Behavioral and Social/Cognitive Approaches to Forming Habits
A limited time offer! Get a custom sample essay written according to your requirements urgent 3h delivery guaranteedOrder Now
Psychologists have developed many method’s of analyzing and configuring one’s habits as well as behavior patterns. Two approaches that are generally used when observing personality habits are the Behavioral and the Social/cognitive approaches. The Behavioral approach suggest that people are controlled absolutely by their environment. Behavioral approaches don’t rely on on ideas of internal traits, tendencies, defenses, and motivations. The social/cognitive approach differs from the behavioral approach because it views perception and cognition as the nucleus of what it means to be human, and also the way that people interpret their environments, particularly their social surroundings, is seen as central to their humanness, and the ways in which people differ from one another in how they do this is seen as central to their identity.
A personal habit of mine that really stands out is gambling. I’ve been gambling since I was about thirteen years old, and the level in which I have gambled has changed dramatically since then. I developed this habit as a child when I noticed all the nice designer clothes and shoes that my peers from school were wearing on a daily basis. Although I didn’t dress like my peers, occasionally my parents would give me allowances or money to purchase snacks at school. I would then use that money to enter the dice games that a few of my classmates would be involved in. I wouldn’t necessarily say that my gambling habit was caused by genetics, but my mother could be considered as a compulsive gambler.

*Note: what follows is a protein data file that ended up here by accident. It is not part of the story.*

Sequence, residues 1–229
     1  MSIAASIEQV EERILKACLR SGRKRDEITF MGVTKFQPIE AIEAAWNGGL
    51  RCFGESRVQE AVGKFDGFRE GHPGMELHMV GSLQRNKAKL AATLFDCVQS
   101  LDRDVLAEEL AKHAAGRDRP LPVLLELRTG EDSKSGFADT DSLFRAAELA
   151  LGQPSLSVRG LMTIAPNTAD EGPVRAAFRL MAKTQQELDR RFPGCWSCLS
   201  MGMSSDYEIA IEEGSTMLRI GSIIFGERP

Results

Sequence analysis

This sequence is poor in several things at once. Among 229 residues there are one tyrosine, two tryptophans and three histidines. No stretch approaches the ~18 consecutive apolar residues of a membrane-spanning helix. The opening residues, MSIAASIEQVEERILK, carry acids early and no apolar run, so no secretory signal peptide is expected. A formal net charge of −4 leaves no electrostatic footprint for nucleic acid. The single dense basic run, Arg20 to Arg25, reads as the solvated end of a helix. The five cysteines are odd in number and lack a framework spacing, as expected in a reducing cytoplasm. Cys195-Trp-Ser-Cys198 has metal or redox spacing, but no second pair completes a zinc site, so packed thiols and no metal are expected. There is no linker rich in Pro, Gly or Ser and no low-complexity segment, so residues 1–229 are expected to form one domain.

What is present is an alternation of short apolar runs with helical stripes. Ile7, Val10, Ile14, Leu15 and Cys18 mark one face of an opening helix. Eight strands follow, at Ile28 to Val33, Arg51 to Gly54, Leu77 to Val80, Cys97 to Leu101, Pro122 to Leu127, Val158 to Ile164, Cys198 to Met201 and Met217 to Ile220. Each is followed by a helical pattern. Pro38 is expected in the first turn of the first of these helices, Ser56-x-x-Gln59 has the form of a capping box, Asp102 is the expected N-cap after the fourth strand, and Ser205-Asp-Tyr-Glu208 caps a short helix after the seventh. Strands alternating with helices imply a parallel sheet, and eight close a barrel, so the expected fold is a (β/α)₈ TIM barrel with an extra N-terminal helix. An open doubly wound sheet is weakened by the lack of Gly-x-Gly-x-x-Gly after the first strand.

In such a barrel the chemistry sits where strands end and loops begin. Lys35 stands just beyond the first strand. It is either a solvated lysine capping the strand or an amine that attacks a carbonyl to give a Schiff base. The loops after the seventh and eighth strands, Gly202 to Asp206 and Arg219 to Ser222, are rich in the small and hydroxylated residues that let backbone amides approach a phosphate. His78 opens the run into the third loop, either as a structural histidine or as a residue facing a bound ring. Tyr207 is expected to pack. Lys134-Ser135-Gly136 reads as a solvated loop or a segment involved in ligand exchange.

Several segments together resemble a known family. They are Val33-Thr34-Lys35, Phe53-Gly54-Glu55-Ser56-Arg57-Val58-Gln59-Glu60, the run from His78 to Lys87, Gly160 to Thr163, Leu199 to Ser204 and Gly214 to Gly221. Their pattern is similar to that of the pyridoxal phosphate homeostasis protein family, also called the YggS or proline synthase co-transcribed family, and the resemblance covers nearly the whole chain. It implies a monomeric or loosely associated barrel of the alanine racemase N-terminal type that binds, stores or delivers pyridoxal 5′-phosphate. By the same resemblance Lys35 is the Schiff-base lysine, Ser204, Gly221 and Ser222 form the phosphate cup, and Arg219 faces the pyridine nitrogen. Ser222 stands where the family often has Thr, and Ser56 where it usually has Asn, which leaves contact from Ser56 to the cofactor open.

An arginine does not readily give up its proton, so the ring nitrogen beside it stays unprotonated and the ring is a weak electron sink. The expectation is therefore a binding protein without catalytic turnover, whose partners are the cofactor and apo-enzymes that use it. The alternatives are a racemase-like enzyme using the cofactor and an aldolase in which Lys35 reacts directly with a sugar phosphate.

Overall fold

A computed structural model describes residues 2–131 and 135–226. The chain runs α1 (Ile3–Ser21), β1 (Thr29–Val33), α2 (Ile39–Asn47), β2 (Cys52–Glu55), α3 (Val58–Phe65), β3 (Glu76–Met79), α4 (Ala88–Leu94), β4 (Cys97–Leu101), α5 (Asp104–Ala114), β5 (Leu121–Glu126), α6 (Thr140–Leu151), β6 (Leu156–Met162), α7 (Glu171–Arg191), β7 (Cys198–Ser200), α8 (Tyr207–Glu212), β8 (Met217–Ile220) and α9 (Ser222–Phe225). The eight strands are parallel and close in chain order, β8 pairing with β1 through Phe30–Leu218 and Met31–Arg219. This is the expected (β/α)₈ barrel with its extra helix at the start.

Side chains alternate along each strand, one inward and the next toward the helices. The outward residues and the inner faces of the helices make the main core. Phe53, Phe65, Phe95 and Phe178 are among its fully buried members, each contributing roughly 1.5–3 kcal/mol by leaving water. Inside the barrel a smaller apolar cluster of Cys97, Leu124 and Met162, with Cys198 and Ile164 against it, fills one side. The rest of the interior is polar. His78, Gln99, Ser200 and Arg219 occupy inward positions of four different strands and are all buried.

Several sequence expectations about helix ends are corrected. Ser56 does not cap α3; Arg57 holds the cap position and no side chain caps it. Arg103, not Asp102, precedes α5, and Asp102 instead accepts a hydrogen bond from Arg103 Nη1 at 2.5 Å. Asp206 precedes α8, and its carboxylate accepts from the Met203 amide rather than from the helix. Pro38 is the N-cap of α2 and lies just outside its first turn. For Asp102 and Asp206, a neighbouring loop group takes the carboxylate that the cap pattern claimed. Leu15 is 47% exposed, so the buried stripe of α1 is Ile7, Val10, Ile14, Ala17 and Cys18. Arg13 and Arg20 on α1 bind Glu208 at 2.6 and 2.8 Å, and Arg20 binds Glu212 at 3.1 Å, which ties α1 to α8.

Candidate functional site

She was my role model for this habit, and I think that since I witnessed some of her major successes while trying to control her own habits that a partial reinforcement was stored in my own memory. A partial reinforcement is a large unpredictable reward, and experiments show that a reward that comes after some, but not all, occurrences of a behavior is more powerful in influencing behavior than a reinforcement that is continuous(Friedman, Schustack, 2011). Of course I encountered some successes of my own in s those early school crap games, or this habit could have possibly been broken.
I do continue this habit at times, but not at the magnitude of recent years due to my countless failures. The possible occurrence of another big win is most likely a reason why I still continue this habit. However the continuation of this habit could be even deeper than the possible occurrence of another big win, and this is due to the fact that I am not satisfied with my economical status. Somewhere in the corners of my mind I feel that I am destined to obtain great wealth, but I have tried to stop gambling on several occasions. Usually there are several distinct phases of this addiction:the winning phase, the losing phase and the desperation phase(Benassu, 2011). I have unfortunately experienced all of these phases, and all though I have not quit my interactions with gambling have been limited.